BOY, THAT’S EMOTIONAL
A rollicking new comedy about a gay couple who suddenly have the responsibility of looking after a boy manages to combine laugh-outloud moments with a range of thoughtful insights into relationships
English actor Steve Coogan has grown on me, thanks mainly to his double act with Welsh comedian Rob Brydon in Michael Winterbottom’s caustically funny trilogy about travel, food, wine and friendship, The Trip (2011), The Trip to Italy (2014) and The Trip to Spain (2017).
He’s also good, in a serious role, alongside Judi Dench in the 2013 drama Philomena, which he co-wrote. He is a journalist helping an Irish Catholic woman search for the son taken from her by the church 50 years earlier.
Directed by Stephen Frears and based on real events (journalist Martin Sixsmith wrote a book about it), the film was Oscar nominated for best picture and best adapted screenplay.
Food, wine and travel feature in Ideal Home, in which Coogan is Erasmus Brumble, the flamboyant host of a television cooking show.
He goes places and celebrates the local cuisine. We first meet him on horseback, sporting a cowboy hat and wearing riding chaps.
His anxious director, Paul (US actor Paul Rudd), feels like the one under the whip. When asked why he doesn’t up sticks and take another job, he says: “Part of me wants to stick around just to watch him die.”
A crew member laughs, but Paul does not and it’s here that we realise he and Erasmus are a couple.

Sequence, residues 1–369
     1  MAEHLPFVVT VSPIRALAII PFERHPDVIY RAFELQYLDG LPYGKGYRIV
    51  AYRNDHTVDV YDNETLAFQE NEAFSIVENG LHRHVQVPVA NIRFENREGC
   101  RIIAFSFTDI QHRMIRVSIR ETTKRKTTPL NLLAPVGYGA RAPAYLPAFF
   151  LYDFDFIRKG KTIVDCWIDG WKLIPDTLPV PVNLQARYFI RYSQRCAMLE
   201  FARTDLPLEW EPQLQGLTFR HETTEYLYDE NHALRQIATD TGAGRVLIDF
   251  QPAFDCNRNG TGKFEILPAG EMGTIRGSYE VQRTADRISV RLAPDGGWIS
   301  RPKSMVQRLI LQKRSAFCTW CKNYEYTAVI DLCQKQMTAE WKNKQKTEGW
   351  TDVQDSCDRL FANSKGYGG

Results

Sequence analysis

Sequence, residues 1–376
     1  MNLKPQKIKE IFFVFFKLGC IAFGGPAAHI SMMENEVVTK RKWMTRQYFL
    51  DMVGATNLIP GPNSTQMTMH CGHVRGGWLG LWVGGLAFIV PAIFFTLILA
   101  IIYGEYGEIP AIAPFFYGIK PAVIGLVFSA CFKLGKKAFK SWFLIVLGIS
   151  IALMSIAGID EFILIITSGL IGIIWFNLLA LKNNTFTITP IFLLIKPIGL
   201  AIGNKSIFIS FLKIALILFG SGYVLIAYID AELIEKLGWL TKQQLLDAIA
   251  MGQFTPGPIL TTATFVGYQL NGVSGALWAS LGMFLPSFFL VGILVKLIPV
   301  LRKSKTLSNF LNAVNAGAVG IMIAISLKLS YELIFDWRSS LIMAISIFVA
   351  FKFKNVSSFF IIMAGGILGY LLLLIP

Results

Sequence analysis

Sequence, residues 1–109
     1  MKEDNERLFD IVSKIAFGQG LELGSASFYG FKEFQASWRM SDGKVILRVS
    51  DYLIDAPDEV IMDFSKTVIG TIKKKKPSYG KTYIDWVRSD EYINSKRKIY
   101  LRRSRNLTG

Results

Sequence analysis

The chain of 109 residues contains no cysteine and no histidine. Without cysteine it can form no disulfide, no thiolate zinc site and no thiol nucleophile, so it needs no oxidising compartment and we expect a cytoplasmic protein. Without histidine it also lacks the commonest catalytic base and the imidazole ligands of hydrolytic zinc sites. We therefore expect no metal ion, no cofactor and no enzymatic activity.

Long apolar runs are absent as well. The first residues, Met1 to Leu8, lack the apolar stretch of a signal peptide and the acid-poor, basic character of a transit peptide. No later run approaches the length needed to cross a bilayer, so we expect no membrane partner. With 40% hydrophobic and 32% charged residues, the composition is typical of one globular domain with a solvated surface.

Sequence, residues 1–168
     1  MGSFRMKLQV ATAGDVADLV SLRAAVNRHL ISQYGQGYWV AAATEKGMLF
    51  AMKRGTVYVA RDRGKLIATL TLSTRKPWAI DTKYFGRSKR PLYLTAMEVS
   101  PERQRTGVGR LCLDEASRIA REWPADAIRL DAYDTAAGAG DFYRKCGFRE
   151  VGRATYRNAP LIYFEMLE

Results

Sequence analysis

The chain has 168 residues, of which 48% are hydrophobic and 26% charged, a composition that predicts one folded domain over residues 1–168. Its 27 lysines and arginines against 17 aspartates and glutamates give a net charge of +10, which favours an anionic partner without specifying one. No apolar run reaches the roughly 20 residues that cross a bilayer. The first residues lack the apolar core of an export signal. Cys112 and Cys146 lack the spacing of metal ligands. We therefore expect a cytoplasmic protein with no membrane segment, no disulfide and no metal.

They seem to have a good life. Their home is a luxurious ranch in New Mexico.
There’s a photograph of them with Liza Minnelli. They eat, drink, have sex. Drugs are mentioned. They have lots of friends. But like most couples they have their differences.
Their relationship is taken somewhere unexpected when a 10-year-old boy arrives at their door. He is Erasmus’s grandson. Earlier we see his deadbeat father taken in by the police. “You f… everything up,” the boy says to him.
The boy (Jack Gore) is silent and resentful. We learn his name but it’s one he hates.
He asks to be called Bill instead. It’s what happens next that makes this movie, written and directed by Andrew Fleming, a bit different.
The title is a pun on the name of Erasmus’s cooking show. Will he and Paul rein in their excessive behaviour to look after the boy? As Paul says: “We can’t have a kid. We are kids.” Will they party on as usual and neglect, or even corrupt, the boy? Or will the tension between doing one or the other divide the couple?
The comedy is direct at times. Erasmus wears a T-shirt that reads “I Shaved My Balls For This?” Paul’s porn collection is outed. The highlight, for me, is when the “new parents” face a teacher after Bill, in a class project, tells it like it is. Their response is laugh-out-loud funny.
Coogan and Rudd are believable as a gay couple. Erasmus is more camp, wearing a fur coat to a Taco Bell, for example, while Paul is straighter looking but more volatile. Both are proud of their sexuality.
While the boy is the centre of the story, it’s the relationship between the two men that taps some emotional depths. The self-mocking ending is worth waiting for, as is the post-credits sequence.
As an aside, I see this movie has received some criticism for “stereotyping” gay men. The two stars are not gay. The director is and I think his response to that criticism is perfect.
In an interview he noted he had a photo of himself and Minnelli, that he had worn riding chaps to dinner and that he preferred white wine to beer. “Am I a stereotype?” he asked. “Or am I a person?”
Steve Coogan, Jack Gore and Paul Rudd star in comedy Ideal Home, in which a gay couple struggle to rein in their excessive behaviour to look after a boy.